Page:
Throughout our 2015 series of ‘State of the Small Press Nation‘ articles we’ve been running a number of guest blogs giving unique perspectives on the issues raised by some of the most important players on the scene. These have included Ricky Miller from Avery Hill giving a micropublisher’s view on the problems of UK comics’ infrastructure here, creator Sean Michael Wilson providing an anti-capitalist argument here, and the Alternative Press’s Amneet Johal here speaking about the challenges of organising a small press fair.
If there’s one p.o.v. we have yet to cover in these discussions, however, it’s that of an integrally vital part of the equation – the printers. Today, Rich Davids of Comic Printing UK (below right) gives his thoughts on the issues raised to date. Rich is a hugely respected figure among UK small press creators – indeed many of the books reviewed here in ‘Small Pressganged’ from Avery Hill’s output to Keara Stewart’s recent A Bit of Undigested Potato have been through his able hands – and his role in working with so many of the creators to have contributed to these columns puts him in a unique position to comment further on the key issues considered so far…
Throughout the year I’ve been following BF’s excellent ‘State of the Small Press Nation’ avidly. As a long-time reader, and in the last couple of years one of the specialist printers working in the scene, I’ve seen the culture evolve in ways that are (for the most part at least) really positive. The small press scene has been my hobby, not to mention my employer, for a while now – and this is what I’ve learned…
First off, as others have noted elsewhere: DIY isn’t going anywhere. There are some things that most commercial printers simply can’t (or won’t) do. Japanese stab binding, highly specialist papers, really ‘80s style DIY zines – as a reader I love these kinds of innovative approaches, but as a businessman (I guess) there isn’t the demand to justify the costs associated with producing them. There will always be room in the market for the DIY ethos, which is part of what makes the small press scene so exciting.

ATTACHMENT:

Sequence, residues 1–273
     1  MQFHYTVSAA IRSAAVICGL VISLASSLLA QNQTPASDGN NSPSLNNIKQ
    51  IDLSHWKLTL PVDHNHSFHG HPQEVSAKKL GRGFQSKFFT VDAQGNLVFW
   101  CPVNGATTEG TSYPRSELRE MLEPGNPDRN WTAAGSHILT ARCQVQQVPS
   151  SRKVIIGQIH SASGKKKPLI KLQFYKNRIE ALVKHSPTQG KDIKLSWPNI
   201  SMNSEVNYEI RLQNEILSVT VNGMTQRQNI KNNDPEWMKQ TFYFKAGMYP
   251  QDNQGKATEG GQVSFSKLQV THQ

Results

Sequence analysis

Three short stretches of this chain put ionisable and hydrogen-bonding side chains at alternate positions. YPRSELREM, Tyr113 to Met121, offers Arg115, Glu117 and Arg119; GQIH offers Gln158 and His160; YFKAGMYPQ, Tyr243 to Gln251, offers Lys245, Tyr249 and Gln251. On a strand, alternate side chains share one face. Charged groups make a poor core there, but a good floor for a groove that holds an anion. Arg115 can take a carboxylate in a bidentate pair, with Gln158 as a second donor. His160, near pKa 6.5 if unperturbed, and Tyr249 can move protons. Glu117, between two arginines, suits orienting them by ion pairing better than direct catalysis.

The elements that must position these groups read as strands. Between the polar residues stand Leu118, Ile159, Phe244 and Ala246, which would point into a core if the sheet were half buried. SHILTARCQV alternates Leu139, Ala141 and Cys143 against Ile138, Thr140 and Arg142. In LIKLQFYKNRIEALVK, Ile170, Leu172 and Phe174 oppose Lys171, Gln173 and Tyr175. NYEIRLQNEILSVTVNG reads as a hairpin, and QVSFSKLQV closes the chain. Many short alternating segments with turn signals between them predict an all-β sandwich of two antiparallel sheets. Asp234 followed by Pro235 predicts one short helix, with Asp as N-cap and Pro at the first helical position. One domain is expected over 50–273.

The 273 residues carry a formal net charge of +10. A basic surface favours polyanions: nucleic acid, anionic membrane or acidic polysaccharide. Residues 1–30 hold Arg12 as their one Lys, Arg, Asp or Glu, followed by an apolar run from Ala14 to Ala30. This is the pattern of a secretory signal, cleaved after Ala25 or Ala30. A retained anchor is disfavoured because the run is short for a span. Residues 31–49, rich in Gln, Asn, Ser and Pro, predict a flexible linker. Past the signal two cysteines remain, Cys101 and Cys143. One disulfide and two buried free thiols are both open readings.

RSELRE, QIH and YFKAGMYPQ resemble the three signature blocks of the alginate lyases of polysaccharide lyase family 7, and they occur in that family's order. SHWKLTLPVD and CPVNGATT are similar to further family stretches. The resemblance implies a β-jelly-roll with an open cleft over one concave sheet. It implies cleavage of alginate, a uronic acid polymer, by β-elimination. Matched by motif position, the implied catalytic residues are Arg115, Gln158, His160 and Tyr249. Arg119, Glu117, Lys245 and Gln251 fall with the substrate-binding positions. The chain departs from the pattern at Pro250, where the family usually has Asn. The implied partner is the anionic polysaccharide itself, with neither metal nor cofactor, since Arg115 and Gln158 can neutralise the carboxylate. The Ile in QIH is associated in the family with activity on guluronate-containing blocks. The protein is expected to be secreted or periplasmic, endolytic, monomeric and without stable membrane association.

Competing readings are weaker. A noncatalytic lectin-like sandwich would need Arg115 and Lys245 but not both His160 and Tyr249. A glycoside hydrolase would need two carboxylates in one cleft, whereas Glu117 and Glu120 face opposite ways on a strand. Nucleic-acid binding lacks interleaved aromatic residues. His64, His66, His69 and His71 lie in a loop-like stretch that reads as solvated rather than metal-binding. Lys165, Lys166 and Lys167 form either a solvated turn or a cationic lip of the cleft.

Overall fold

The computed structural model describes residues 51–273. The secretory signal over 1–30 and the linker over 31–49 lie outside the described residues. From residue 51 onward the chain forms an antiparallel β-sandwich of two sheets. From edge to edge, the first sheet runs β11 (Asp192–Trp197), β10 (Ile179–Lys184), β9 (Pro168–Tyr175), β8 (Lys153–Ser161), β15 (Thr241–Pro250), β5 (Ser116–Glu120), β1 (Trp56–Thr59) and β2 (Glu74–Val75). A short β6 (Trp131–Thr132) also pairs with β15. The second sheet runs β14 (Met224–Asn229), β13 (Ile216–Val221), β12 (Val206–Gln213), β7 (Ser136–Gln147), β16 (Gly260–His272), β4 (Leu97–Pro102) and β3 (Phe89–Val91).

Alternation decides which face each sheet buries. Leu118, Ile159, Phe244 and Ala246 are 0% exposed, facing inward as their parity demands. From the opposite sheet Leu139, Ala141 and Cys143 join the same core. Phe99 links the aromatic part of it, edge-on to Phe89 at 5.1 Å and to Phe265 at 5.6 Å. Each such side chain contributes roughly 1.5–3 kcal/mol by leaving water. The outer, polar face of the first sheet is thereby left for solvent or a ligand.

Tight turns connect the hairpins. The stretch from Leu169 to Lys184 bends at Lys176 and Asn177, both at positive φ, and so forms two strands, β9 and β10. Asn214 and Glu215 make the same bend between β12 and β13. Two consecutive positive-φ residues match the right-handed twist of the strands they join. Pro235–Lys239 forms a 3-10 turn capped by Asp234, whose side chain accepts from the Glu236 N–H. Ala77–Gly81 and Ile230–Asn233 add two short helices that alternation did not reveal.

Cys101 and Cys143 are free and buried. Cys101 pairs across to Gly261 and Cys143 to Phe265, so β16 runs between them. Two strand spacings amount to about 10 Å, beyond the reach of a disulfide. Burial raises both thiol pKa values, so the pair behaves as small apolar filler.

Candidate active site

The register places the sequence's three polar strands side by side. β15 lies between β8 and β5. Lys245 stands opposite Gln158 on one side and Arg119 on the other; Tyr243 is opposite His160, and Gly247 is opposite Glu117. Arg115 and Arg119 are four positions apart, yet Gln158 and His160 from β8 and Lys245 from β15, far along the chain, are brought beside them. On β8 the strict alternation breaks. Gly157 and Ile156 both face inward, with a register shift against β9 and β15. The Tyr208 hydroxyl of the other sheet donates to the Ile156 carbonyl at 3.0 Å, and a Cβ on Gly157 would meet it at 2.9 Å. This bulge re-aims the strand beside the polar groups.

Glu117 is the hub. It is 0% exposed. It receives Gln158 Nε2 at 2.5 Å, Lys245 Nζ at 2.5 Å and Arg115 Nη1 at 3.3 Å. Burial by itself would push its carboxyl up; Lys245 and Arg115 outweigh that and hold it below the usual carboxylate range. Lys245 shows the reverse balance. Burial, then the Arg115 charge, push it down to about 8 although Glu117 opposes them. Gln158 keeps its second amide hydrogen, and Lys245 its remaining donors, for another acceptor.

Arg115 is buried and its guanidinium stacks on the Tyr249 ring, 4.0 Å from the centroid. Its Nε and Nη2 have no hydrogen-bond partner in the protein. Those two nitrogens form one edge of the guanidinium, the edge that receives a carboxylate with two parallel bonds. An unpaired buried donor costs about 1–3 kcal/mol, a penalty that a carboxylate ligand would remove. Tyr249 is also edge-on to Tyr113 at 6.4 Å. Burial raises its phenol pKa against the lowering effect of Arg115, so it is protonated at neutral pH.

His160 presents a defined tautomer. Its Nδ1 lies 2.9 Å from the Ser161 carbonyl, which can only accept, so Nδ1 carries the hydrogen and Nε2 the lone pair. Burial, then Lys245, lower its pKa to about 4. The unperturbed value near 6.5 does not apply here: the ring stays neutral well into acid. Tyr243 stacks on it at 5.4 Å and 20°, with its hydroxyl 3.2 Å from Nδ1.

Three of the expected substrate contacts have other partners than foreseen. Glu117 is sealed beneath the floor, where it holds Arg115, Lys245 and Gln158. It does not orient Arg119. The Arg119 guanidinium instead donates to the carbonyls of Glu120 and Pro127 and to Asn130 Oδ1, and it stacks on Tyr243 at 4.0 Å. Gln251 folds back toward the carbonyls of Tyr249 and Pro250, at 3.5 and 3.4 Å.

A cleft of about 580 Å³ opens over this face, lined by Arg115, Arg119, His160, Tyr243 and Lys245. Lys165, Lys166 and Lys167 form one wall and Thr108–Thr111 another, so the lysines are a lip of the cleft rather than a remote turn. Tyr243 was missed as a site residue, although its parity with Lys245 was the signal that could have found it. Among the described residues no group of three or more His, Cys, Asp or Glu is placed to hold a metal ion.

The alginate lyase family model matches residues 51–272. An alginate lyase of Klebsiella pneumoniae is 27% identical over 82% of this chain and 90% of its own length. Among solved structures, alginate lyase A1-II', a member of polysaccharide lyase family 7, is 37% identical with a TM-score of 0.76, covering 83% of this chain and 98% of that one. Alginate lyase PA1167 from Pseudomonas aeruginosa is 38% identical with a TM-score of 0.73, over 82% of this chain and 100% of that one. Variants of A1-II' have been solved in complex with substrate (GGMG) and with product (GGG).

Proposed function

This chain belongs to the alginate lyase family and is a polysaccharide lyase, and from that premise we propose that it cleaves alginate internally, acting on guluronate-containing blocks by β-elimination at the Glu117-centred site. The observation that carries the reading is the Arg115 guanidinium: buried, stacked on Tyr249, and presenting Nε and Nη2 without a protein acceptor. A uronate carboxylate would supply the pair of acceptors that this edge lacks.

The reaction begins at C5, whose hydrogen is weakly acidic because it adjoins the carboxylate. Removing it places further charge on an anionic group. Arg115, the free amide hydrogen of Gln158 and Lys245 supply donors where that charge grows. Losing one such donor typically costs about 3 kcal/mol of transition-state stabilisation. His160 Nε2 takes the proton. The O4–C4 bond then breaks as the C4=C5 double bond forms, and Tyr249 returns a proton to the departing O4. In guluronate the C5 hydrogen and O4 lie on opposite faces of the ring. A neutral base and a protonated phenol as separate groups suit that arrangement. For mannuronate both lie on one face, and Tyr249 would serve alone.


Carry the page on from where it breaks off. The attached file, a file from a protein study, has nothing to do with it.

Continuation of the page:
As for the professionally printed market – there’s a widely accepted belief that printing in 2015 is much cheaper than it’s ever been. To a certain extent that’s true – digital presses have got better and better, and they’re much cheaper to run than traditional litho machines (especially on short runs), but this masks a more important factor in the growth of small press: access to printers has been completely revolutionised.
Ten years ago the idea of a running a printworks that specialised solely or even mainly in comics was a bad joke. Creators are spread too widely for a purely local business, and national marketing would have been a huge risk. Today there are three or four specialist comic printers in the UK alone, largely because the Internet has made it possible to find customers (and receive their 2 gigabyte files…) in a totally different way. Word of mouth, which once would have been helpful, but not sufficient, is now lifeblood thanks to social media.
After a while people like me and the other new specialists, who already worked in the printing industry and happened to be fans of comics, spotted an under-served niche market and moved in with a far more refined knowledge of exactly what creators needed than any general printer had. We made recommendations based on an understanding of the scene, so while overall costs in the industry have risen or remained static, greater specialisation has helped pin them back for small pressers. Most importantly, because we were comic fans the specialists were willing to put in the extra effort (without hiking prices) that a comic needs to print well, rather than treating them like another round of pizza menus.
At around the same time, the proliferation of the cons (which may now be reaching a saturation point) opened up new markets for you guys, and the rise of crowdfunding began to bring the costs to within reach of creators who didn’t have the financial clout to entirely self-fund. We’re not looking at a fundamental change in the printing industry here, just new solutions coming into an unexploited market at the right time, and clever creators putting them to good use.
There’s another problem with the “cheap printing” narrative: it’s just not true. Printing your comics professionally isn’t cheap! It’s *cheaper* than it used to be, but we undermine the commitment of creators and micro-publishers and the risk they take on when we pretend that the cash outlay isn’t significant. The formula I hear bandied about is that you want each comic to cost you about half what you’re selling it for (to allow for table costs, travel, etc).
It’s a lovely idea – clear and easy to understand – the problem is that in the vast majority of cases it simply doesn’t work. If you’re ordering 50 copies of short stapled comic and hoping to sell them for £3-4 at cons you’re never going to get to the 50% line, which presents a new set of challenges for new creators looking to gain a following with professionally printed comics.